Be that as it may, the yearning for democracy is nothing new in China. Even before China became a communist country, there was the avant-garde May Fourth Movement in China in 1919. Tagore's ideas of freedom had stirred the hearts and minds of the Chinese when he won the Nobel Prize in literature in 1913. And the Nobel laureate is held in high esteem even today by the Chinese.

In the post-communist period, the memories of the pro-democracy movement of 1989 are still fresh in the mind of the Chinese people. More recently, Liu Xiaobo had been spearheading the Charter 08 campaign along with other Chinese intellectuals to sensitise the imperatives of democracy and human rights in China.

Greater political awareness through information, communication, technology, migration and cross migration of people under the impact leads to an irreversible process of globalisation. China is inextricably embedded in this and it has impelled the country not to ignore the desire to put in place liberal values of democracy. China's rising international profile is another reason why it would like to paint a liberal garb under the euphemism of a soft power.

Born at the same time, yet so different

It is in this context that India stands out vis-à-vis China. India and China were born contemporaneously -- India in 1947 and China in 1949. While the two countries suffered colonialism, India did not undergo the turbulence of a civil war like China, which established a communist regime ousting the democratic KMT when its leader Chiang-Kai-shek fled to Taiwan.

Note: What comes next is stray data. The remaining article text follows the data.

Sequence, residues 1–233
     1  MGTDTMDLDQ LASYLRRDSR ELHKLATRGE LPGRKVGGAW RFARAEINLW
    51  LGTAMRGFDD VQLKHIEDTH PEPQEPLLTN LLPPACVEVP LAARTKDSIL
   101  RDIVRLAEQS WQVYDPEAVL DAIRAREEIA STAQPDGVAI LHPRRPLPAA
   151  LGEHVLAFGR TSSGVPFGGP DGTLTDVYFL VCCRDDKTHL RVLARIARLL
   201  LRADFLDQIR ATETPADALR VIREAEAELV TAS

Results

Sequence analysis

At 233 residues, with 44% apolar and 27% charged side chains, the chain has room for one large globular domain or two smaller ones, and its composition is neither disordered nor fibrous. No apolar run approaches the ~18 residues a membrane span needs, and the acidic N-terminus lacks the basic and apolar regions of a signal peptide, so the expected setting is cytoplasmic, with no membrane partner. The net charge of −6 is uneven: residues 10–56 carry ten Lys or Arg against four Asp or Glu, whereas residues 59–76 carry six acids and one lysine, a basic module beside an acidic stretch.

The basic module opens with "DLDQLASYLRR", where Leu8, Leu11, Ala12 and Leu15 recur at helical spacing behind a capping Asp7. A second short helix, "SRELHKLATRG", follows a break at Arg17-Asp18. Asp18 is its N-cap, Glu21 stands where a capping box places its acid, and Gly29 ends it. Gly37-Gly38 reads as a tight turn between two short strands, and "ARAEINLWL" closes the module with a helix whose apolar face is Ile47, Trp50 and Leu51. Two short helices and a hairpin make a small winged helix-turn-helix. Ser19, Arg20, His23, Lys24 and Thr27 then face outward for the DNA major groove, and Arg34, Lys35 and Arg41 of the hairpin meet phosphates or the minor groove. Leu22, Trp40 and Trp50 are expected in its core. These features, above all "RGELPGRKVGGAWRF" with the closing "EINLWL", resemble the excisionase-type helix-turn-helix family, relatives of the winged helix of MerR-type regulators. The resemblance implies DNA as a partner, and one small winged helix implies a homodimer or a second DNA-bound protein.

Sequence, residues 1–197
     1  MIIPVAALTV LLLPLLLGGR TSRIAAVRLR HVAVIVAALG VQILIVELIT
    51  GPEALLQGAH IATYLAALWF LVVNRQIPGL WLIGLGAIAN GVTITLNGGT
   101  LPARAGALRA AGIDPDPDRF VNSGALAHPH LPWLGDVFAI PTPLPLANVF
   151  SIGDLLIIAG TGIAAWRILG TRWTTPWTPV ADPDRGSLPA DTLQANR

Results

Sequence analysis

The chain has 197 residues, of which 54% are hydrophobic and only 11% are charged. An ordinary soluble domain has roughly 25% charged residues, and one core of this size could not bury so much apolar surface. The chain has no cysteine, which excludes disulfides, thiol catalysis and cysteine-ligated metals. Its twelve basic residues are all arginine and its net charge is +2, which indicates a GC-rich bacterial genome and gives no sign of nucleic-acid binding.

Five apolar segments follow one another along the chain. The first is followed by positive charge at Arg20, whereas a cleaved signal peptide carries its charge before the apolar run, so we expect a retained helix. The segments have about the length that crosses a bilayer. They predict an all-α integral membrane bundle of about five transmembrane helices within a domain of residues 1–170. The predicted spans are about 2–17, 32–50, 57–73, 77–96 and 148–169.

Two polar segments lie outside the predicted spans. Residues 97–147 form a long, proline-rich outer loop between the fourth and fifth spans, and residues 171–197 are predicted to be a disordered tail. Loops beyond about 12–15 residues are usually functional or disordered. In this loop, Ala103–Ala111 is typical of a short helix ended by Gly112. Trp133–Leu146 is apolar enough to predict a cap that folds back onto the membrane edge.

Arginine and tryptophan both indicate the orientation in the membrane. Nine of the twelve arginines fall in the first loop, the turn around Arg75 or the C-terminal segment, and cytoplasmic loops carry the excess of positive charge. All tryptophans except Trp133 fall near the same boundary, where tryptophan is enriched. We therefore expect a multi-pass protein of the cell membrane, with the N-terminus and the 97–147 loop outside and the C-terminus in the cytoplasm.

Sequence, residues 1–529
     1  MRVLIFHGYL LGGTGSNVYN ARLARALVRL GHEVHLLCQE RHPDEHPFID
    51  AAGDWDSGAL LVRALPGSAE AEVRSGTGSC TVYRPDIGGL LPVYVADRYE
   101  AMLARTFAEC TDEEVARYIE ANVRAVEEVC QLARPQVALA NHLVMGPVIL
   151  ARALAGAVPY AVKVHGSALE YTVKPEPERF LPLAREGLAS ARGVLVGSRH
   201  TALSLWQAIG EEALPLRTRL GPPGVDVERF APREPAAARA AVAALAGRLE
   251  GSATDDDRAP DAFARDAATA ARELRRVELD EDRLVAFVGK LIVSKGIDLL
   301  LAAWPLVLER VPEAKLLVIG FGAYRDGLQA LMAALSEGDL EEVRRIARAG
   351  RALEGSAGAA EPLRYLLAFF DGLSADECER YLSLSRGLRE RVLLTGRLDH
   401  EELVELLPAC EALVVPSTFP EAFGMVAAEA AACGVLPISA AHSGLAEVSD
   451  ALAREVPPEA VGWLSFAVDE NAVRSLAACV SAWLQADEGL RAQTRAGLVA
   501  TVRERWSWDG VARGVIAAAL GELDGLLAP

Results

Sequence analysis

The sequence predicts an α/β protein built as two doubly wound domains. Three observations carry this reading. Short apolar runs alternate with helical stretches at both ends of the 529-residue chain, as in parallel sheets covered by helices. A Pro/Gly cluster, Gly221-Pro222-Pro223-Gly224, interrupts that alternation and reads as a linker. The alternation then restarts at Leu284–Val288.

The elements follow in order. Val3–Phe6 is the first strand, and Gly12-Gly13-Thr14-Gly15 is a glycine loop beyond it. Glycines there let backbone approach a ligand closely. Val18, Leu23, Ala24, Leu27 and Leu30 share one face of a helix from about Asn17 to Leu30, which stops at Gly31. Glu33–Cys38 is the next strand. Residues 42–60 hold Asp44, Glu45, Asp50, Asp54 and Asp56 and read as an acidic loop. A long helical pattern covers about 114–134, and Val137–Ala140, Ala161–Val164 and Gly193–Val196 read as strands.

In the subcontinent, Pakistan was born as well, but that was more of a colonial conspiracy than spontaneous. Ever since then, the two systems -- India's democratic model and China's one-party communist model -- have become alternative and competitive models of growth and development. Over the years, however, China has introduced cosmetic changes in the polity, giving the trappings of a soft power.

After Independence, when India conducted general elections through the length and breadth of the country and embarked on planned development, China had to cope with the tumultuous Rural People's Commune and later, the Cultural Revolution, which turned the shackles of Chinese economy haywire.